A quantum of sensing will underlie sensor revolutions in medicine, tech, and engineering
(SpectrumIEEE) Science reporter Charles Q. Choi discusses an emerging generation of quantum sensors lead to new levels of sensitivity, new kinds of applications, and new opportunities to advance a range of fields, technologies, and scientific pursuits in the article below. IQT-News summarizes.
Choi lists what he calls “. . .just a small sampling of the many kinds and varieties of quantum sensors being developed and deployed today”.
BRAIN SCANS: Electric currents within the brain generate magnetic fields that sensors can analyze to noninvasively scan brain activity. Now quantum sensors are enabling a wearable helmet to perform such magnetoencephalography (MEG) scans with unprecedented performance and cost. The small, lightweight nature of the sensors also means they can get mounted in a wearable helmet to let people move freely during scanning, instead of having them remain still for very long periods as is currently the case. In addition, it can adapt to different head shapes and sizes, making it possible to scan not just adults but also children and babies.
GRAVITY MAPPING: A new quantum sensor that maps the strength of Earth’s gravitational field can help reveal features hidden underground. Potential applications for the sensor include seeing hidden underground structures, detecting subterranean natural resources, discovering underground archaeological sites, and monitoring volcanic activity and groundwater flows.
Related: IQT Research Report Pegs Revenues from Quantum Sensors at almost US $800 Million by 2028
DETECTING COVID: Another promising quantum sensor could lead to faster, cheaper, and more accurate tests for the SARS-CoV-2 virus behind the global pandemic. It relies on microscopic artificial diamonds with defects within them, in which a carbon atom is replaced with a nitrogen atom and the adjacent carbon atom is missing. This defect in the crystals behaves like a tiny magnet whose alignment is very sensitive to magnetic fields, helping such “nitrogen-vacancy centers” serve as sensors.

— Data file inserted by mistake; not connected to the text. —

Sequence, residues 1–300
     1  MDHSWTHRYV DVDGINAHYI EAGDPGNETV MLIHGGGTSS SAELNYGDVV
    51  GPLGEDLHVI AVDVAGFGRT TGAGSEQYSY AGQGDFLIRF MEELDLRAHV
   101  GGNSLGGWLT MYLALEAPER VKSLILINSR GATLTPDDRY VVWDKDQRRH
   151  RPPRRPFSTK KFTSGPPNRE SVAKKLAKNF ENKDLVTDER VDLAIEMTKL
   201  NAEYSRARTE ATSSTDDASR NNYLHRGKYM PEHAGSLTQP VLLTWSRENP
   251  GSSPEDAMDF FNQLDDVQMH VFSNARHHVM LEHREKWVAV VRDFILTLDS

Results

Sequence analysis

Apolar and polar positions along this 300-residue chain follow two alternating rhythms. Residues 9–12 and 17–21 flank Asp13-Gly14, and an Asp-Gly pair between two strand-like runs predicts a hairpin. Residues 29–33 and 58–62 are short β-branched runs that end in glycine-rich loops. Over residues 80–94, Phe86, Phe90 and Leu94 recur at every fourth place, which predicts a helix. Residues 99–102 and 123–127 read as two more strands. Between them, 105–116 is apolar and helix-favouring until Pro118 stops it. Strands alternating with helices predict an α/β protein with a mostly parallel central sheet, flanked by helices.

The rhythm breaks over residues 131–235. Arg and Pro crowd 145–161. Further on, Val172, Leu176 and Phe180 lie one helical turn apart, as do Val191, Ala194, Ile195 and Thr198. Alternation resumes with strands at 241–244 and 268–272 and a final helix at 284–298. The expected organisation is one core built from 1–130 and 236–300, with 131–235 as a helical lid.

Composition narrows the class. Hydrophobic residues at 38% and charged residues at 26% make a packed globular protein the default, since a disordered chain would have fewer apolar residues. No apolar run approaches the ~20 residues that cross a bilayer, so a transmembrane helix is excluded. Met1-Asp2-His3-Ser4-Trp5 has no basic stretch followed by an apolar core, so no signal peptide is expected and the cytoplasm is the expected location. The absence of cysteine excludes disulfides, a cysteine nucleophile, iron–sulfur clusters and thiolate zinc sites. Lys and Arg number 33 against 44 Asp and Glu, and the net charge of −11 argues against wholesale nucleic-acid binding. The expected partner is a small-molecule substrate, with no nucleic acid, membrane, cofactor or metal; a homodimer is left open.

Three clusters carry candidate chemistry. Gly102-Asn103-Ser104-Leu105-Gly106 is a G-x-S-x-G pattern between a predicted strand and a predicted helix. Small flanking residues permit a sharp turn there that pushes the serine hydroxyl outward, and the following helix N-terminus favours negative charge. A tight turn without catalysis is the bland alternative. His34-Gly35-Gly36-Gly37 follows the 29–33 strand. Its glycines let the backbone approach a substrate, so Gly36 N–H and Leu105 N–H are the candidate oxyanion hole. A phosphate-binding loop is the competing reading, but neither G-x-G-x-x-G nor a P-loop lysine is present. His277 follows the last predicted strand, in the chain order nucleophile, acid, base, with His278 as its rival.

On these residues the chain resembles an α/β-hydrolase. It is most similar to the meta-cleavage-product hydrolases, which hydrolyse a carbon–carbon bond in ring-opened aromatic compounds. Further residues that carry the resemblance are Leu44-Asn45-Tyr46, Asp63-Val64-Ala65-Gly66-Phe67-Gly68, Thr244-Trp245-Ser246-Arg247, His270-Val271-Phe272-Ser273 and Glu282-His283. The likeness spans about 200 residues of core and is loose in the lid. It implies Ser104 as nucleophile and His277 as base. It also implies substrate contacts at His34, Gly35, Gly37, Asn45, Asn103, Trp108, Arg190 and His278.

PROBING CELLS AND MOLECULES: Quantum diamond sensors can also find use in thermometers inside cells. Nitrogen-vacancy centers in diamonds are very sensitive to small temperature fluctuations.
QUANTUM ACCELEROMETER: The world now relies heavily on global navigation satellite systems such as GPS, but the satellite links that help enable such positioning, navigation, and timing do not work underground or underwater and are vulnerable to jamming, spoofing, and weather. Now a quantum sensor from Imperial College London and the Glasgow-based company M Squared can help ships navigate even when GPS is denied.
QUANTUM SOFTWARE: Where most quantum-sensor companies focus on the hardware, Sydney-based startup Q-CTRL focuses on software to enhance quantum technology. “When you take quantum sensors out of pristine lab environments out into the field, you often see a huge degrading in performance due to noise in the platforms,” says Michael Biercuk, CEO and founder of Q-CTRL. “Our focus is recapturing this performance with our quantum control software.”
DARK MATTER, GIANT TELESCOPES: Quantum sensors may help probe matters far beyond Earth.
UNTOLD LIMITS: Recently scientists in Austria developed the first programmable quantum sensor, a device capable of an unprecedented level of sensitivity operating near the fundamental limits imposed by the laws of quantum mechanics.
Sandra K. Helsel, Ph.D. has been researching and reporting on frontier technologies since 1990. She has her Ph.D. from the University of Arizona.